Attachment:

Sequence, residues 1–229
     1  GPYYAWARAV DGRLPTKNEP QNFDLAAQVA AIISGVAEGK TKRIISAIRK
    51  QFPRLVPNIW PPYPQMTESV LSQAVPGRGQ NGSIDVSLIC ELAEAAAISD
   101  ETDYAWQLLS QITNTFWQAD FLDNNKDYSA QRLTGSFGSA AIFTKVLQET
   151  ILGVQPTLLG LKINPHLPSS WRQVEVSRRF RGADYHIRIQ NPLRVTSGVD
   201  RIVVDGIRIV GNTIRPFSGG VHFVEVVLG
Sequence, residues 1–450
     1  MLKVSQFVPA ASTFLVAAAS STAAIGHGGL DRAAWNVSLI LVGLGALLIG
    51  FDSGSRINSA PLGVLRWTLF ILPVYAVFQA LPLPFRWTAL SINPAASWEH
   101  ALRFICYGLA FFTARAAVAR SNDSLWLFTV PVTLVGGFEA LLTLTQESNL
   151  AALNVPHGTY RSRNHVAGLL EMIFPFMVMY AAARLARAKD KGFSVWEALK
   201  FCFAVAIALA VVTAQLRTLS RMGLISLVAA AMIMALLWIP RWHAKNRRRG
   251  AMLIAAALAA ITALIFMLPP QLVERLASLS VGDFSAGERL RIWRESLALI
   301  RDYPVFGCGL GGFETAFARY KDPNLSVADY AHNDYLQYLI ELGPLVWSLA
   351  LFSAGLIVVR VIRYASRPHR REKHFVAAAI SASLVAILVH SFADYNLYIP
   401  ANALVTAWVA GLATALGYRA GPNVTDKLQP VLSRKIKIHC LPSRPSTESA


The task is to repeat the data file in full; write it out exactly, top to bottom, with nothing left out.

Sequence, residues 1–229
     1  GPYYAWARAV DGRLPTKNEP QNFDLAAQVA AIISGVAEGK TKRIISAIRK
    51  QFPRLVPNIW PPYPQMTESV LSQAVPGRGQ NGSIDVSLIC ELAEAAAISD
   101  ETDYAWQLLS QITNTFWQAD FLDNNKDYSA QRLTGSFGSA AIFTKVLQET
   151  ILGVQPTLLG LKINPHLPSS WRQVEVSRRF RGADYHIRIQ NPLRVTSGVD
   201  RIVVDGIRIV GNTIRPFSGG VHFVEVVLG
Sequence, residues 1–450
     1  MLKVSQFVPA ASTFLVAAAS STAAIGHGGL DRAAWNVSLI LVGLGALLIG
    51  FDSGSRINSA PLGVLRWTLF ILPVYAVFQA LPLPFRWTAL SINPAASWEH
   101  ALRFICYGLA FFTARAAVAR SNDSLWLFTV PVTLVGGFEA LLTLTQESNL
   151  AALNVPHGTY RSRNHVAGLL EMIFPFMVMY AAARLARAKD KGFSVWEALK
   201  FCFAVAIALA VVTAQLRTLS RMGLISLVAA AMIMALLWIP RWHAKNRRRG
   251  AMLIAAALAA ITALIFMLPP QLVERLASLS VGDFSAGERL RIWRESLALI
   301  RDYPVFGCGL GGFETAFARY KDPNLSVADY AHNDYLQYLI ELGPLVWSLA
   351  LFSAGLIVVR VIRYASRPHR REKHFVAAAI SASLVAILVH SFADYNLYIP
   401  ANALVTAWVA GLATALGYRA GPNVTDKLQP VLSRKIKIHC LPSRPSTESA